In 2008, at the age of 17, Samantha Elauf interviewed for a job at an Abercrombie Kids store in Tulsa, Oklahoma. Elauf was applying for the position of sales model. Applicants are scored during their interview on their “appearance and sense of style”, whether they are “sophisticated and aspiring”, and if they are “outgoing and promote diversity”. Any applicant who receives a score of less than 2 on “appearance and sense of style” is automatically ruled out as a potential employee. The scores are based on Abercrombie’s “Look Policy,” which governs clothing, jewelry, facial hair, and footwear. The policy bars black clothing and “caps”, although it leaves caps undefined.
Heather Cook, Elauf’s interviewer, had originally given her a score of 6 out of 8, which was enough to get her hired. However, before offering Elauf the position, Cook consulted a regional manager. The manager told Cook that Elauf’s headscarf would violate the look policy, because a headscarf was similar to a cap. Cook informed the manager that she had assumed that the headscarf was for religious reasons, but did not ask about it during the interview, in accordance with the U.S. Equal Employment Opportunity Commission’s guidelines. However, the manager still insisted that they not hire Elauf; therefore, Cook changed Elauf’s score in “appearance and sense of style” to a 1, disqualifying her from being considered as an employee.
After not hearing back from the store, Elauf asked a friend, who also worked there, why she hadn’t been hired, and her friend told her that the managers believed her headscarf violated the look policy. Elauf went to the EEOC, and together they filed a lawsuit against Abercrombie and Fitch. A lower court sided with Elauf, but Abercrombie won on appeal. The case brought upon many questions, such as: Should prospective employees explicitly inform employers that they require a religious exemption?
Currently, the case is being heard by the Supreme Court. Elauf and the EEOC are arguing that employers cannot deny employment based on an understanding of a religious practice, if that assumption is correct, as it is in this case. Cook understood that Elauf wore the headscarf because she is a practicing Muslim, even though Elauf did not specifically say so. Elauf and the EEOC are also arguing that if employers say that they are not sure about an applicants religious practices, they can get around anti-discrimination laws. Also, Elauf and the EEOC state that employers know their rules better than applicants, so they should know if a rule might conflict with a religious practice.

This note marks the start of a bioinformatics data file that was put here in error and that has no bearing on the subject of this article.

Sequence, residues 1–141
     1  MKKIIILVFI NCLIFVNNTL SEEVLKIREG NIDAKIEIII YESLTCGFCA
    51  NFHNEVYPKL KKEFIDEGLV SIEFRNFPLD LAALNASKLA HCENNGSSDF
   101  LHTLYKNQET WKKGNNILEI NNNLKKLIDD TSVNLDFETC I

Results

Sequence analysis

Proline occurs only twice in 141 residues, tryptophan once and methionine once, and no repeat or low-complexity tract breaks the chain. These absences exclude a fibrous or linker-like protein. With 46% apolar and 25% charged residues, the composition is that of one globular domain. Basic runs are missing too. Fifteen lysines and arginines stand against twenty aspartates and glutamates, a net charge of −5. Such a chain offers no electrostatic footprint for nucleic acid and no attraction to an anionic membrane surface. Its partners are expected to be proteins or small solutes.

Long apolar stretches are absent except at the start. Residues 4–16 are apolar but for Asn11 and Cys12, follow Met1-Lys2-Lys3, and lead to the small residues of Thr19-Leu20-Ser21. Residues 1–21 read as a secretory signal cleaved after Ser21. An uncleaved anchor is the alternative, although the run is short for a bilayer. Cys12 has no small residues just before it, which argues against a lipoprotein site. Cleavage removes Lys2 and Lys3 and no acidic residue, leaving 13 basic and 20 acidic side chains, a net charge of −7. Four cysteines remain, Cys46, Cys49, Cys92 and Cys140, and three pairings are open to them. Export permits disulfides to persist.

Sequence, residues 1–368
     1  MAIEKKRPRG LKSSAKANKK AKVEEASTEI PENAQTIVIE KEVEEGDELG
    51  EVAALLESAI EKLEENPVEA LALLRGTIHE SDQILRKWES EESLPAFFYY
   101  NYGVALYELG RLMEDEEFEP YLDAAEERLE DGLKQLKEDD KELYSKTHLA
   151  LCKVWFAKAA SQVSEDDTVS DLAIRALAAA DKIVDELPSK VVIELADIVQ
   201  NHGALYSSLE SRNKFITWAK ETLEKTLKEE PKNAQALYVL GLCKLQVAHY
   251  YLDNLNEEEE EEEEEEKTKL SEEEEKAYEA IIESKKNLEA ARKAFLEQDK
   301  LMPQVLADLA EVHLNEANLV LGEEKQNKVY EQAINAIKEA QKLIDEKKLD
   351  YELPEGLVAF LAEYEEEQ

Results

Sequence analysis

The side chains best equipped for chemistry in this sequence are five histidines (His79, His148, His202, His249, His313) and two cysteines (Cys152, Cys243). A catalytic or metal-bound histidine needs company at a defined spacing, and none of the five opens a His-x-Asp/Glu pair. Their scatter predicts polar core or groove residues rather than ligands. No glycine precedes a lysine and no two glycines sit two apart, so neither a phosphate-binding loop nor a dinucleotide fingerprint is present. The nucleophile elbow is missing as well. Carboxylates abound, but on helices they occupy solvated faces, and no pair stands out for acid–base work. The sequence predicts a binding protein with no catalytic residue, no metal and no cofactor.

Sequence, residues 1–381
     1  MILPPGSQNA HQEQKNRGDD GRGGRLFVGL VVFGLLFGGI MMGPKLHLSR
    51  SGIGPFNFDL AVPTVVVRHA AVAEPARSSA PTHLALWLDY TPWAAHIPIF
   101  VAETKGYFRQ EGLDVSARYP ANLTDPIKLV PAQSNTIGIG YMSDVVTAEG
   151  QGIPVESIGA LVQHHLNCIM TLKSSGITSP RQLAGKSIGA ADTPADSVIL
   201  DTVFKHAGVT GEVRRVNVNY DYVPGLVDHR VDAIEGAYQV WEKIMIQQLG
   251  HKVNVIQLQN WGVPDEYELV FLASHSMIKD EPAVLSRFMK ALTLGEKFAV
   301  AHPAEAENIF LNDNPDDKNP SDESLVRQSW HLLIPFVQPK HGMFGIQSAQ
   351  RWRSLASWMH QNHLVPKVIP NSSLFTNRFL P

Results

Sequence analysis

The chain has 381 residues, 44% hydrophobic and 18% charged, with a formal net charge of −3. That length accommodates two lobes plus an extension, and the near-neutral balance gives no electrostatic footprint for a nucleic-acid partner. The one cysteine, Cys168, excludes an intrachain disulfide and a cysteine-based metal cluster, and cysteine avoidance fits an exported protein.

Abercrombie is arguing that employers cannot know whether an employee would want or need an exemption from their rules due to religious reasons. They note that it is difficult that anti-discrimination laws protect all applicants, whether or not their religions are well known. Abercrombie also stated that employers are not supposed to ask an applicant about their religion.
Elauf’s lawsuit wasn’t the first Abercrombie has faced due to their look policy. In September 2013, Abercrombie payed $71,000 in settlements after EOCC filed two lawsuits against them concerning religious discrimination. In the first case, Hala Banafa was allegedly not given a position after an employer asked her about her hijab. In the second case, Umme-Hani Kahn was allegedly fired after for not removing her scarf after a district manager had ordered her to do so. Along with settling both of these cases, Abercrombie has updated their look policy to allow employees to wear headscarves.
These recent events shine light on a very important issue: discrimination. Denying Samantha Elauf a job, based solely on the fact that she wears a hijab, is discrimination in the utmost sense of the word. By denying her the job, Abercrombie was supporting Islamophobia and discrimination. We cannot sit back and let discrimination become a norm, because it is not okay to deny anybody an opportunity based on how they choose to portray themselves, whether it be religiously or personally. A “look policy” also encourages discrimination because it tells people that they must look a certain way in order to achieve certain goals. Regulating the way people look is beating down individuality. By setting a “look policy”, we define the way someone should look, when it should be up to them. Society should encourage individuality. We should tell our youth that it’s okay to express themselves and their faith without being afraid. A “look policy” incites people to change themselves in order to meet a standard. If the United States is as diverse as it claims to be, we need to rid ourselves of the stigma that people must look a certain way in order to be accepted, or even to obtain a job. The way to do this is to abolish the “look policy”, for Abercrombie as well as the rest of the US. We must end the existing “look policy” which is discriminatory, detrimental, and counterproductive.